,

And… straight shot into the snorkel of the stock air box.

Speaking of the stock air box, this is what it looks like on the inside.
Honda’s engineers attempted to create a seal between the intake tube and the two halves of the air box by creating the raised ribs and the central groove for the air box halves to slide into.
The upper half of the air box has an O-ring all around the perimeter to act as a seal. The lower half of the air box has a raised rib that butts up against the O-ring to create a seal. These small details are not cheap and it’s probably why the S2000 cost over \$30k new. It also shows Honda’s attention to detail and their efforts at trying to eke out as much power as possible. When the S2000 hit the market, it had the highest specific output of any naturally aspirated engine on the market, even outdoing those super expensive Italian and German makes.

Is the inlet to the duct big enough? Let’s do some quick math. The 2.2L engine spinning at 8000rpm will suck in about 147 liters (0.147 m^3) of air a second. The area of the duct is about 0.0075 m^2. Dividing the volume of air the engine sucks in at max power by the area of the duct gives 19.6 m/s velocity. The car has to be moving faster than this velocity (about 45mph) in order for more air to be pushed into the air box than the engine is sucking in at max power. On a race track, hopefully I’ll be doing more than 45mph.

As you might have noticed from the graph plotting pressure increase vs. speed, you have to be going pretty fast to get a measurable effect. So what better place to do it than Autoclub Speedway using the ROVAL configuration? Plus, it was going to be cooking Humpty Dumpty on asphalt hot allowing me to test the effectiveness of my newly vented track hood. Plus, MotoIQ Projects 370Z, G20 Racecar, Kojima’s Dog Car, and Girl Racer Annie with her NX2000 were all going to be in attendance. Plus, there are a lot of worse ways to spend a day than at the track with friends. Plus, I just wanted to say ‘plus’ again.

1. CHRISTOPHER M JIMENEZ says:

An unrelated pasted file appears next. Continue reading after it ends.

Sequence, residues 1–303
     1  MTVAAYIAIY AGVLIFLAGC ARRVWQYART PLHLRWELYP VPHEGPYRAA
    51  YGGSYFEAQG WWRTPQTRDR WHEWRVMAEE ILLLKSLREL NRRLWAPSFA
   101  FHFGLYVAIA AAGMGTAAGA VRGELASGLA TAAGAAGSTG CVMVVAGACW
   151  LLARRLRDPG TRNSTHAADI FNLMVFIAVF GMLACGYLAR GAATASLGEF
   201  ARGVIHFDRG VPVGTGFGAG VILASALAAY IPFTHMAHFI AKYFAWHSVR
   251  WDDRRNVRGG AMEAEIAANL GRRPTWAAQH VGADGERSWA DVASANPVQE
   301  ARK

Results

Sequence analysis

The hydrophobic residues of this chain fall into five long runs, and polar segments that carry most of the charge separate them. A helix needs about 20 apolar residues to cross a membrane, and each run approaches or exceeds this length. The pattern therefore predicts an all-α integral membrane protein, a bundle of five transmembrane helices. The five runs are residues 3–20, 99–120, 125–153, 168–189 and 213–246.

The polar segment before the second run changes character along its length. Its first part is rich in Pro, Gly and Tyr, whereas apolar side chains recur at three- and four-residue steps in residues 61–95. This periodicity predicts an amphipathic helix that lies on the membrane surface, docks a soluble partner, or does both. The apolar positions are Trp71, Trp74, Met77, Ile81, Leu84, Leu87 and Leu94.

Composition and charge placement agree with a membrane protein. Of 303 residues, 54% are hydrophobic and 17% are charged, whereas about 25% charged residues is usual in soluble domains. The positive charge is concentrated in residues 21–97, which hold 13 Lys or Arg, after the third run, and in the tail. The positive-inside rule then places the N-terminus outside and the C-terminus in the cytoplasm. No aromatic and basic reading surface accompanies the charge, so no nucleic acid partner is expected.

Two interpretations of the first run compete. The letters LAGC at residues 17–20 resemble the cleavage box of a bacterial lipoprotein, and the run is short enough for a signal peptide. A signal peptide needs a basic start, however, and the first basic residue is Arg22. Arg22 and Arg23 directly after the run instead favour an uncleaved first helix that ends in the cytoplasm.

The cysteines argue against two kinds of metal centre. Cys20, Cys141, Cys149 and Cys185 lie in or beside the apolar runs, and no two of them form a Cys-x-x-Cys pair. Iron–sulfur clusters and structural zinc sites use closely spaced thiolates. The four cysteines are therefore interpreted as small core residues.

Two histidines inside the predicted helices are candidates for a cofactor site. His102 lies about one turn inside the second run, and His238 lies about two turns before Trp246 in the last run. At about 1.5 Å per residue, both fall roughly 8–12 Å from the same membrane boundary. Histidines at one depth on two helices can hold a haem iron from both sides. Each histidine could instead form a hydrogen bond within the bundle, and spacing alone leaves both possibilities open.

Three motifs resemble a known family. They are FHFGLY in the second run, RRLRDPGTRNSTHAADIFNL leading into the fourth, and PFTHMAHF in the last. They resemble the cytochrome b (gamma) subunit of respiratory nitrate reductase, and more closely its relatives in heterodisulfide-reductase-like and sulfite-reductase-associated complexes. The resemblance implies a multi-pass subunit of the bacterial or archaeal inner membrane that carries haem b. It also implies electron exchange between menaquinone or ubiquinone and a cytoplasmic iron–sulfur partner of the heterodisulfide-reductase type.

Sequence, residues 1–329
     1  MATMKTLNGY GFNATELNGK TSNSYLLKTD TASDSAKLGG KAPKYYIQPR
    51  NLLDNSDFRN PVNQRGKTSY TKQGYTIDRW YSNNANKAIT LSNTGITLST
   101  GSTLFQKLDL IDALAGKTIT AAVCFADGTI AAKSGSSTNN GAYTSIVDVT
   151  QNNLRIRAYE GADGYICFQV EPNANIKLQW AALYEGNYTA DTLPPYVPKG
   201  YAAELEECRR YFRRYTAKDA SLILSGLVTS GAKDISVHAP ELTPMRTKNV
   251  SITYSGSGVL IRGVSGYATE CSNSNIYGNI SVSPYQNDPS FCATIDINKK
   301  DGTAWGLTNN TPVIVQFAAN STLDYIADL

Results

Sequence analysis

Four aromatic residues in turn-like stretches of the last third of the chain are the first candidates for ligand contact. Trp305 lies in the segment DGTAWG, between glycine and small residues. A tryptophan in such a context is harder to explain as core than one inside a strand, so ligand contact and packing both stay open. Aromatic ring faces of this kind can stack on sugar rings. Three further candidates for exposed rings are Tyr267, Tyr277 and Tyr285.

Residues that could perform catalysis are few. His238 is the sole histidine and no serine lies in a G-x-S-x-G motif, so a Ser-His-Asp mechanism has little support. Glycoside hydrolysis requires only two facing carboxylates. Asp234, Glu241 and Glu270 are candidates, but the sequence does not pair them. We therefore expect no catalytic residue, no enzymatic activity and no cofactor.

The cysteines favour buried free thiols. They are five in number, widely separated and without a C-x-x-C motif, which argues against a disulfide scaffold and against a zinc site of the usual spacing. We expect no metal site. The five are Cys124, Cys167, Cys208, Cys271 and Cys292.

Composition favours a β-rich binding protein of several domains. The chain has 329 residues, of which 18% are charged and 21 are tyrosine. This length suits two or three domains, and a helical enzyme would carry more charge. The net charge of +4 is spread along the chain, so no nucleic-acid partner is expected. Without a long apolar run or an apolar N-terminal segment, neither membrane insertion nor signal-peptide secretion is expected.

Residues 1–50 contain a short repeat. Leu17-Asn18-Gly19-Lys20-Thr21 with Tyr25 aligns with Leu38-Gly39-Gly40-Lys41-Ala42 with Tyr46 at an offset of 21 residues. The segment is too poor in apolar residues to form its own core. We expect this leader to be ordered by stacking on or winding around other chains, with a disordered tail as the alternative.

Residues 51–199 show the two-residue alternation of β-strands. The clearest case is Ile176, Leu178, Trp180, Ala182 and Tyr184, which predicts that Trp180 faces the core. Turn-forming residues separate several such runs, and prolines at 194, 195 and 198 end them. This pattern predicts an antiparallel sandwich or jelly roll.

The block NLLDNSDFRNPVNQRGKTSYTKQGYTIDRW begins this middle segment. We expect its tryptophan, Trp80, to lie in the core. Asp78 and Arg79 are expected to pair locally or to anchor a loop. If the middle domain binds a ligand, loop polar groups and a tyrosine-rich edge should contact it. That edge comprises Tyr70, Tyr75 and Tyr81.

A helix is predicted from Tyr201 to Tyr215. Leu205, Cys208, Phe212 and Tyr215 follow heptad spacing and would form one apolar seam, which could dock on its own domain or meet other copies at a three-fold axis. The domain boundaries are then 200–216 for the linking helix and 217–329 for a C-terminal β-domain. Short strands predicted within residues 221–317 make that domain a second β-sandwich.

Hey Moto IQ , first thing you guys are the one of the best at building track cars and I love all of your upcoming projects. Im in need a a NACA vent for my 2011 BMW 335i and this vent looks perfect. By any chance can you guys get another one made and I will pay before its even made, really need this vent.

1. CHRISTOPHER M JIMENEZ says:

guys are one of***

2. Khiem Dinh says:

Appreciate the comment! This NACA duct was designed specifically for the S2000 hood shape and airbox location. For your needs, you can probably go with something generic? Pegasus Auto Racing Supplies has some NACA ducts that could work.

2. James Lee says:

Would the NACA duct have water issue when it rains? I’m also looking for a brake duct kit for an AP2 that comes with the dust shields already with the hole for easier installation. WASP Composite seems to be the only one that made such a kit with the hole directed towards the center of the rotor as it should be. Unfortunately it doesn’t seem like they sell the kit anymore. Any ideas/recommendations? Many thanks!

1. Khiem Dinh says:

Personally, I wouldn’t use the NACA duct in the rain. I’m not sure the stock airbox has any water drainage provision. It’s easy to swap hoods, so I only put on the track hood for the track.

As for brakes, if you track, I’m a huge proponent of going straight to the StopTech BBK. Of course, that means you need new wheels to clear the brakes. If you want to keep the stock brakes, you could just remove the dust shields. I haven’t had the dust shields o the S2k in ages and I went around 100k miles on my old Nissan without dust shields. You will need to figure out a way to mount the end of the hose. I just zip-tied it before.
https://motoiq.com/project-s2000-part-4-taking-it-to-the-track/3/

3. Jonathan says:

Are you selling these?

1. Khiem Dinh says:

No, I only made the one. If you decide to go this route, you should also stick a one-way check valve in the air hose going from the intake to the front breather on the valve cover. I was losing ram air boost through this flow path. I regained the lost boost after plugging it in later testing. A one-way valve is a more elegant solution.

https://motoiq.com/project-s2000-part-22-testing-new-goods-and-more-intake-mods/2/